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Karyology and Genomics of Jatropha: Current Status and Future Prospects

  • Muppala P. Reddy
  • Pamidimarri D. V. N. Sudheer
  • Shaik. G. Mastan
  • Hifzur Rahman
  • Nicolas Carels
  • Bir Bahadur
Chapter

Abstract

Global warming, population, environmental degradation and food production are serious concerns to the well being of mankind. Development of sustainable energy resources is an essential component to many of these problems. Bioenergy holds great promise to contribute significantly to reduce petroleum consumption and emission of green house gases. Biodiesel derived from the oil of Jatropha curcas seed is emerging as an alternative to fossil fuel, since it has the desirable physiochemical characteristics and performance even superior to conventional petroleum diesel. In addition, the plant is able to grow on marginal lands, which eliminates the “food versus fuel” dilemma. However, large scale cultivation of J. curcas remains the single most important issue that will ultimately decide of its success. Despite the availability of a vast germplasm with wide variability, not much progress has been made in developing varieties or hybrids for higher oil yield, better agricultural and economic features. Additional information about the karyology, genetic diversity and genomics is necessary to generate mapping populations, marker assisted selection and to develop superior genotypes. In this review, we discuss the state of the art of genetic improvement research for J. curcas.

Keywords

Amplify Fragment Length Polymorphism Amplify Fragment Length Polymorphism Analysis Sequence Characterize Amplify Region Marker Amplify Fragment Length Polymorphism Technique Meiotic Configuration 
These keywords were added by machine and not by the authors. This process is experimental and the keywords may be updated as the learning algorithm improves.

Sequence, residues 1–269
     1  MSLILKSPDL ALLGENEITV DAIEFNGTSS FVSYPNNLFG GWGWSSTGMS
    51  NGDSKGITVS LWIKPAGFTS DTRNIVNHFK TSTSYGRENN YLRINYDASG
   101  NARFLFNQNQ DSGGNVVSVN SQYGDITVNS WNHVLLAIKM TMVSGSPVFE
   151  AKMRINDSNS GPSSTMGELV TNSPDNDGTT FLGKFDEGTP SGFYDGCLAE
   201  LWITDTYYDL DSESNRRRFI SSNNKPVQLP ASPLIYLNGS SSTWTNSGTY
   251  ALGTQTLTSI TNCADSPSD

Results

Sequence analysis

Notes

Acknowledgements

The authors gratefully acknowledge Dr. P.K Ghosh, Director of the CSMCRI (CSIR, Bhavnagar, Gujarat), for allowing the access to the facilities of the institute, the colleagues for their help in executing some parts of the work included in this review and Prof K. Becker from Department of Aquaculture Systems and Animal Nutrition (University of Hohenheim, Stuttgart, Germany) for providing the samples of Mexican non-toxic and other exotic samples. N. Carels is grateful to CAPES/Fiocruz/CDTS for financial support.

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Copyright information

© Springer Science+Business Media New York 2013

Authors and Affiliations

  • Muppala P. Reddy
    • 1
  • Pamidimarri D. V. N. Sudheer
    • 2
  • Shaik. G. Mastan
    • 3
  • Hifzur Rahman
    • 3
  • Nicolas Carels
    • 4
  • Bir Bahadur
    • 5
  1. 1.Center for Desert AgricultureKing Abdullah University of Science and TechnologyThuwalKingdom of Saudi Arabia
  2. 2.School of BiotechnologyGuru Ghasidas Vishwavidyalya (A Central University) KoniBilaspurIndia
  3. 3.Discipline of Wasteland ResearchCentral Salt and Marine Chemicals Research Institute (CSIR)BhavnagarIndia
  4. 4.Fundação Oswaldo Cruz (FIOCRUZ), Instituto Oswaldo Cruz (IOC)Laboratório de Genômica Funcional e BioinformáticaRio de JaneiroBrazil
  5. 5.Department of BotanyKakatiya UniversityWarangalIndia

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